Integrating Churches Easier Said Than Done


One reason 11 a.m. Sunday remains the most segregated hour in America is because many church members want it that way, according to a recent article by CNN.

The Aug. 4 article quoted religious scholars and members of interracial churches who said both blacks and whites prefer segregated Sundays.

Curtiss Paul DeYoung, co-author of United by Faith, a book that examines interracial churches in the United States, said he has encountered many African-Americans who said they want a racial timeout at church.

"They would say, 'I need a place of refuge,'" he said. "They said, 'I need to come to a place on Sunday morning where I don't experience racism.'"

DeYoung said about 5 percent of the nation's churches are racially integrated, and about half of those are in the process of becoming either all-black or all-white.

Advocates for interracial churches say churches should be ethnically mixed whenever possible to lead the way in reducing racial friction in society. That can be a struggle, the article says, as tensions arise over issues like power sharing and interracial dating.

Korie Edwards, author of The Elusive Dream: The Power of Race in Interracial Churches, argues that interracial churches actually perpetuate the very racial inequality they aim to abolish.

Her research shows that mixed-race churches adhere strongly to white norms. African-Americans adapt their behavior to make white church members comfortable. Behavior that white members perceive as out of bounds seems limiting to blacks, but they conform to white expectations in church just as they do in society at large. Whites most often get their way, and people of color reinforce the process.

Edwards, an assistant professor of sociology at Ohio State University and an African-American, said in a 2005 paper that even in interracial churches, race is a much stronger identifier for blacks than whites.

Asked how they identify themselves, African-Americans often mentioned race as the first or second descriptor, such as a "proud African-American woman."

Whites, she said, tend to view white as a neutral racial category. "Others" possess a race, but they are "raceless."

African-American evangelicals tend to explain racial inequality in terms of social structure, while whites are more likely to offer individually based explanations like attitudes or lack of motivation.

Most African-American church members relate to cultural disadvantages of being black, while most whites do not grasp the analogous concept of structural advantage.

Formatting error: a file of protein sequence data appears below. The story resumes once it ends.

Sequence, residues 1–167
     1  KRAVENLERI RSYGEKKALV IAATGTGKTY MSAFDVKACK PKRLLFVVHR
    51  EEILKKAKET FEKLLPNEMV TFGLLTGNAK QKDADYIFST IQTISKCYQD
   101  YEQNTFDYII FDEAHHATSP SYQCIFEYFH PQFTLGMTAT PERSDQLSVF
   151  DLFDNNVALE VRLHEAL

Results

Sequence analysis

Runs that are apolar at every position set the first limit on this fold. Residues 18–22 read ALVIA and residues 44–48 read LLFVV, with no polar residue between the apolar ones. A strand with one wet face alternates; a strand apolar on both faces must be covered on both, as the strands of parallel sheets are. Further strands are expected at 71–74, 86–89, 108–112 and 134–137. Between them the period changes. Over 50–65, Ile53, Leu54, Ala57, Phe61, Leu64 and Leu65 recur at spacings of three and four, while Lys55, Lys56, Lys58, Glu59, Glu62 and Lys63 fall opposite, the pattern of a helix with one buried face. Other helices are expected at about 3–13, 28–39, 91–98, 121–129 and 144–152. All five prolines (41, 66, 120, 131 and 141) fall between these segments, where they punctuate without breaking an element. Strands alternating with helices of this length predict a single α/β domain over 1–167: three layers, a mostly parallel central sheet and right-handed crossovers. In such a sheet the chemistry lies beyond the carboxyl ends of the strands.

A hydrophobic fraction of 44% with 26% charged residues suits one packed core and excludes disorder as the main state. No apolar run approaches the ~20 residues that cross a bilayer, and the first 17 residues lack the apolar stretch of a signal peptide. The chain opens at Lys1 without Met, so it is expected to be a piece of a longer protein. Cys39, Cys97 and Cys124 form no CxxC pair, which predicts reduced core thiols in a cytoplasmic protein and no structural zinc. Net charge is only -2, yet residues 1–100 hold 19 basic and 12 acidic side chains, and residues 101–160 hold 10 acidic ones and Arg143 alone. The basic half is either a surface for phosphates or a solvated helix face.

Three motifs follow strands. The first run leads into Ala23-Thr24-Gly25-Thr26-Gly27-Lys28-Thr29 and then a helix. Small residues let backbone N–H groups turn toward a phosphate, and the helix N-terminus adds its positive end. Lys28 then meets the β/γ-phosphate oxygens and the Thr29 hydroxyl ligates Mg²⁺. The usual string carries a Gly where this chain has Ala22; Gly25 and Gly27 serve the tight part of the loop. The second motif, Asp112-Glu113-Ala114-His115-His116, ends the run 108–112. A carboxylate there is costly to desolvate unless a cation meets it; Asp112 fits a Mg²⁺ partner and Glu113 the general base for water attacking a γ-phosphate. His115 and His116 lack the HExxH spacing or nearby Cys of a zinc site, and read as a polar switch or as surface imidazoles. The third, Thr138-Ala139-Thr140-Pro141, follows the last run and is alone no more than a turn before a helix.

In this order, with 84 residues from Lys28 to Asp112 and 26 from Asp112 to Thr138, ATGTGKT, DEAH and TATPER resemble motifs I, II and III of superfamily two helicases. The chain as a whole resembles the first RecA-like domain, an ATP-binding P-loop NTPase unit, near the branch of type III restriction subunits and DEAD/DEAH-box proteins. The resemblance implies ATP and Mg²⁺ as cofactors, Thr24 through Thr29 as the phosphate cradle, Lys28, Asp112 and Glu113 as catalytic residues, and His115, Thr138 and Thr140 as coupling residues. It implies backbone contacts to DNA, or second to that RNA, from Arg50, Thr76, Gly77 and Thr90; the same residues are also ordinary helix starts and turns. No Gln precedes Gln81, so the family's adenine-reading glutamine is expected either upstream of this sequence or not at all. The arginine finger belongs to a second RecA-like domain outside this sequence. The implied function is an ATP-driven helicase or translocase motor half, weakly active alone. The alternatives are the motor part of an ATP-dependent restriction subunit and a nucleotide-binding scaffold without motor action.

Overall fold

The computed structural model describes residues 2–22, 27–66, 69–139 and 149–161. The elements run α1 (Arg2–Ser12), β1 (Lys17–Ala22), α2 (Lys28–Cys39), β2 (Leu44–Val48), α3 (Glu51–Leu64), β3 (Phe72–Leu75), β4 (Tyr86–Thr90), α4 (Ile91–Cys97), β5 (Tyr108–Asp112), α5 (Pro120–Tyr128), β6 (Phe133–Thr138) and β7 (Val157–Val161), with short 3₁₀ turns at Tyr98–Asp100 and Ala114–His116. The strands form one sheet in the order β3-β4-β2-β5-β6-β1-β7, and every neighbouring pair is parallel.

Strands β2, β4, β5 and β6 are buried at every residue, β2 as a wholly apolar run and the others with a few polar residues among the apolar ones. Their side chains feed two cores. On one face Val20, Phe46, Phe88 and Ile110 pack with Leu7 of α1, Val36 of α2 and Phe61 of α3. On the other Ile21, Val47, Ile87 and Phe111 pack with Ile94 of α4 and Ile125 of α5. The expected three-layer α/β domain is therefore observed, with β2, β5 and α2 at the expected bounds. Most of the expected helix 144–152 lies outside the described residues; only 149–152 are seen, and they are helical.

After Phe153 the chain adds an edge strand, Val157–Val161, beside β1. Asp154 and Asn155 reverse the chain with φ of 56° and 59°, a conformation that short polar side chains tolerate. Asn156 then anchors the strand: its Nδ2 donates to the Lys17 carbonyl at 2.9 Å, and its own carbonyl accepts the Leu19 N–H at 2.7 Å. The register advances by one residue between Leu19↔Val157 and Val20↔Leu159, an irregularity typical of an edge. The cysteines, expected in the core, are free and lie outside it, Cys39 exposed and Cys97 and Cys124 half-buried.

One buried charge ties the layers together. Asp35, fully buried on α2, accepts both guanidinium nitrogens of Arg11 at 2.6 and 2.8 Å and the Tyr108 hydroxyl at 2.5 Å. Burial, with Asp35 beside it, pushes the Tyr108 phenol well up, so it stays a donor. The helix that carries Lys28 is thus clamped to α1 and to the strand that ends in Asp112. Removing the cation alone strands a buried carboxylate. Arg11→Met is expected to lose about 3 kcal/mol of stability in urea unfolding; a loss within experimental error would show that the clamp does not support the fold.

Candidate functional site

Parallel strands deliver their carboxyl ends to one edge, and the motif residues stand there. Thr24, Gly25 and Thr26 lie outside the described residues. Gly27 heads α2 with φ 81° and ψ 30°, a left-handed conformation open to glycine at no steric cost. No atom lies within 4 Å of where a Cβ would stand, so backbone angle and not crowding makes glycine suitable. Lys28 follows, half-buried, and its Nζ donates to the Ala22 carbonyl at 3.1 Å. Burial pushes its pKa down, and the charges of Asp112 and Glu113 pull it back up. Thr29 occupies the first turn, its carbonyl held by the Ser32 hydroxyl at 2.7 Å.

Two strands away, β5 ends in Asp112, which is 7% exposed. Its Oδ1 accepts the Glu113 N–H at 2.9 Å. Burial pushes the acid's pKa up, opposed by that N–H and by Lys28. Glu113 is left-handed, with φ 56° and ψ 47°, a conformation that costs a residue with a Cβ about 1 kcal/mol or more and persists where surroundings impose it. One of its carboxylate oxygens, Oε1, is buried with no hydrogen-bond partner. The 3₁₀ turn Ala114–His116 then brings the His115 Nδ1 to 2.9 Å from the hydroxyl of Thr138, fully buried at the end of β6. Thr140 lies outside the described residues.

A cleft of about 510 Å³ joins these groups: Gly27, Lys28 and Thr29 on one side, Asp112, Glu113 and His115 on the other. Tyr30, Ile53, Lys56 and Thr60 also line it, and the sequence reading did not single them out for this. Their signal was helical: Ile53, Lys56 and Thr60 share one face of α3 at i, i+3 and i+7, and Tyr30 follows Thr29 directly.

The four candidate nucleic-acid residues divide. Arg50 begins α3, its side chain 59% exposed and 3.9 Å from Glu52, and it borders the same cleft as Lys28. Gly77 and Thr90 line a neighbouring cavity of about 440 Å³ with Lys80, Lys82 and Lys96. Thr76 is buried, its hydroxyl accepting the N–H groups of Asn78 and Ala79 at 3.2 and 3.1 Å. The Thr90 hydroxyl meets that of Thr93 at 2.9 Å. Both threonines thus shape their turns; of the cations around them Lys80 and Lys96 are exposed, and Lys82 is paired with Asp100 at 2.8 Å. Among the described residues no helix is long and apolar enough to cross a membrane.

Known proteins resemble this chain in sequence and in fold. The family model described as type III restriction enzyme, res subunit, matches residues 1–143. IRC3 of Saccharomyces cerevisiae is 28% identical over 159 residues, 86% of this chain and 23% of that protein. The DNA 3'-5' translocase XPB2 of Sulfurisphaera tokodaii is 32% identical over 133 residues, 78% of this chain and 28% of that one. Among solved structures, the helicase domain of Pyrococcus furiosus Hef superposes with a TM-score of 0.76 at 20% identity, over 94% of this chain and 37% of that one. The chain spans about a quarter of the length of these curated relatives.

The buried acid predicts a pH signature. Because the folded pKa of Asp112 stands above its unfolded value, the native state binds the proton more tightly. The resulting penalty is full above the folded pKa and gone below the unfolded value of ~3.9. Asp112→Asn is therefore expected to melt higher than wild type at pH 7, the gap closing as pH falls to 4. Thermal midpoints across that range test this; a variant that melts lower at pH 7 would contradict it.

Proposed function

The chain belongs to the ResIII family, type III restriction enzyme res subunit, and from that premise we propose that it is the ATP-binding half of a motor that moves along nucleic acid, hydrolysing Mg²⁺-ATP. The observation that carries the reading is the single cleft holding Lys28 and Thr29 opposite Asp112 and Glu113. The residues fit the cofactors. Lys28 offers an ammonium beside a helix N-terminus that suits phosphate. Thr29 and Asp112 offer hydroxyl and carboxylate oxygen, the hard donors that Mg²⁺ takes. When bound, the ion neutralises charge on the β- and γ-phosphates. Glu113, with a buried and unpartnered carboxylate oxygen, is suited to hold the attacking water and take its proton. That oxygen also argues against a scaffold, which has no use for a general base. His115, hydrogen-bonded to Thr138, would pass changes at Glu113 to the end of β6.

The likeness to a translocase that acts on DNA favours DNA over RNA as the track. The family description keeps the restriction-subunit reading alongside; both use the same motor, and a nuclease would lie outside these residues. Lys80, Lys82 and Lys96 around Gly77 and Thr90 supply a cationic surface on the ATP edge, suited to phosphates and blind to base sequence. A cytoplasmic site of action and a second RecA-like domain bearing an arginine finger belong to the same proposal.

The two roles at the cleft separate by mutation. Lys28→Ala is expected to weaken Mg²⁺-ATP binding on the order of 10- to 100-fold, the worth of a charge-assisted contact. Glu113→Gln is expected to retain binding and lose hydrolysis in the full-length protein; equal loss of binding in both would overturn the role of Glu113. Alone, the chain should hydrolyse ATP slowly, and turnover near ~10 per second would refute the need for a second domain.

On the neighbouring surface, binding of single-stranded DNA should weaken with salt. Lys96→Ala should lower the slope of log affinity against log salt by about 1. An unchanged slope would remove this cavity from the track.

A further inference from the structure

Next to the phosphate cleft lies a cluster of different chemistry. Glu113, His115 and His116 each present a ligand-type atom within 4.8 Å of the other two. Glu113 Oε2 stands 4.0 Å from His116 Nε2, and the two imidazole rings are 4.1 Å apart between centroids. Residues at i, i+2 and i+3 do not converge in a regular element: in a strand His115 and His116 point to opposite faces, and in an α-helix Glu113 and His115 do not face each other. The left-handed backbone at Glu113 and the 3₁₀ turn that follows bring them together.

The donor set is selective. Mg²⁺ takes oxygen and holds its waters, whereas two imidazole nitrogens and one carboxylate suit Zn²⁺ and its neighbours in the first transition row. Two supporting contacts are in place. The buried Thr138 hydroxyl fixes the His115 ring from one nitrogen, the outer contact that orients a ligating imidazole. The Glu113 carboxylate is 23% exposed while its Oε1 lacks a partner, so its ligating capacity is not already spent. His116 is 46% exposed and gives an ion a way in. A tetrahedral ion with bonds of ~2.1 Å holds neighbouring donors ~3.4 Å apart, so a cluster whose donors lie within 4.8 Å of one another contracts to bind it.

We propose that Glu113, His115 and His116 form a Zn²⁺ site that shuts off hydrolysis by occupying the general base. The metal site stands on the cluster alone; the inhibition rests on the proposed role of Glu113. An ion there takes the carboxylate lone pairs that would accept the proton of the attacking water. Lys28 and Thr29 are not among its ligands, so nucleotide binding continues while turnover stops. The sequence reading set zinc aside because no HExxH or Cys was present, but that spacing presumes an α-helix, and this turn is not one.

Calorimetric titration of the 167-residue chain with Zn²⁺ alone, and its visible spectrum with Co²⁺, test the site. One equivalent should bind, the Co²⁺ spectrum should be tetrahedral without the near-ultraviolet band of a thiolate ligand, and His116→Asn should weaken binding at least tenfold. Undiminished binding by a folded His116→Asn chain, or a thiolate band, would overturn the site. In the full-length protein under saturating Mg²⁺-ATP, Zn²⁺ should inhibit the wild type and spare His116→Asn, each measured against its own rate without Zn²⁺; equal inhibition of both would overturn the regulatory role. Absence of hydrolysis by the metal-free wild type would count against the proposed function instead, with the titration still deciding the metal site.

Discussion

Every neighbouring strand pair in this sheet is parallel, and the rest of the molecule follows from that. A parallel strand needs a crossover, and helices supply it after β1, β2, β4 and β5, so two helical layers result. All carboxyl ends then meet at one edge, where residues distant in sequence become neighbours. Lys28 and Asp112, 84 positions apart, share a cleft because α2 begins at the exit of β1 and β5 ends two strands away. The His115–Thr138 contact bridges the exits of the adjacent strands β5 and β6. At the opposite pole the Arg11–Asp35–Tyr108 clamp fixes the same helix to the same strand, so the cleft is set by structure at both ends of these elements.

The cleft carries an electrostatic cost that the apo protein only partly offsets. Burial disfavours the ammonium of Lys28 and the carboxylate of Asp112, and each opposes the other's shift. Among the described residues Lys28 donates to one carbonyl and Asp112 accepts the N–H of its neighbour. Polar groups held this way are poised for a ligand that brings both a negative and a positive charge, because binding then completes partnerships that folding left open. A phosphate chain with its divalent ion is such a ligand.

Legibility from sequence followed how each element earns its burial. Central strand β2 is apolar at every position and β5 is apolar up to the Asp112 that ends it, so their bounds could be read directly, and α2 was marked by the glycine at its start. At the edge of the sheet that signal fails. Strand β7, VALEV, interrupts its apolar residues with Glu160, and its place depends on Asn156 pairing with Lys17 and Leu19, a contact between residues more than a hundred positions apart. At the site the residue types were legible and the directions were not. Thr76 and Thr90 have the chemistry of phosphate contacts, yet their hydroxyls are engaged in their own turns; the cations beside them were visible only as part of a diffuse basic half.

In another article, Kirk Hadaway, David Hackett and James Fogle Miller note that most churches tend to residentially based, with a large proportion of members drawn from neighborhoods within a few miles of the church. That means members of another racial group would have to live fairly nearby, which is not typical given socioeconomic differences between blacks and whites.

Even churches with members from more than one race tend to be socioeconomically homogeneous, they say, meaning that visitors who are different in ways less obvious than race are the ones that get excluded.

In his 2007 book When All God's Children Get Together: A Memoir of Race and Baptists, Emmanuel McCall traces patterns of separate worship back to the Civil War.

During slavery, McCall says, Christian slaves either attended church with their masters--one architectural theory is that church balconies developed as a place to hold slaves--or separately, either in church houses built for slaves or in secret "brush harbor" meetings without their masters' permission.

Prior to the war, McCall says, blacks outnumbered white Southern Baptists, because households typically included more slaves than family members.

After the war, McCall says, the two races began to go their separate ways. In some cases, anger caused churches to expel newly freed black members who pressed for full recognition.

Different agendas developed, McCall says. Black Baptists emphasized education, public acceptance, trade skills and politics. White Baptists focused on recovery and reconstruction of their way of life.

McCall says racism blended with southern religion and culture to completely alienate the races in the late 19th and early 20th century.

While strong resistance to integrating white churches that existed during the Civil Rights Movement has waned, Samuel Hill wrote in his 1983 book On Jordan's Stormy Banks, neither blacks nor whites have shown much eagerness to build interracial congregations. Most progress, he says, has come in terms of respect and cooperation between black and white congregations.

For civil-rights advocate and author Will Campbell it all comes down to power.

"Integration in religion is going to be the last thing, I think, to go," Campbell said in an interview for an upcoming DVD on Baptists and race being produced by the Baptist Center for Ethics. "And it's not altogether the prejudice of white folks, and it's not really the prejudice of black folks, but there is a realm of power, of accomplishment, that the average First Baptist Church of New Orleans or Magnolia, Mississippi, or whatever is not going to hire a black pastor in my lifetime or yours."

Campbell, 83, said 11 o'clock Sunday morning remains the most-segregated hour in America largely because preachers--both black and white--want it that way.

"We're talking about integration of jobs, schools, buses--but not in church, because we run that," he said. "People do not want to give up positions of power."

"We don't mean what we say when we want to get rid of segregation," Campbell said. "We want to keep it when it's to our advantage."

"This should be the normal place where prejudice no longer reigns supremely," he said. "It should be in the churches, but it's not."

Bob Allen is managing editor of EthicsDaily.com.

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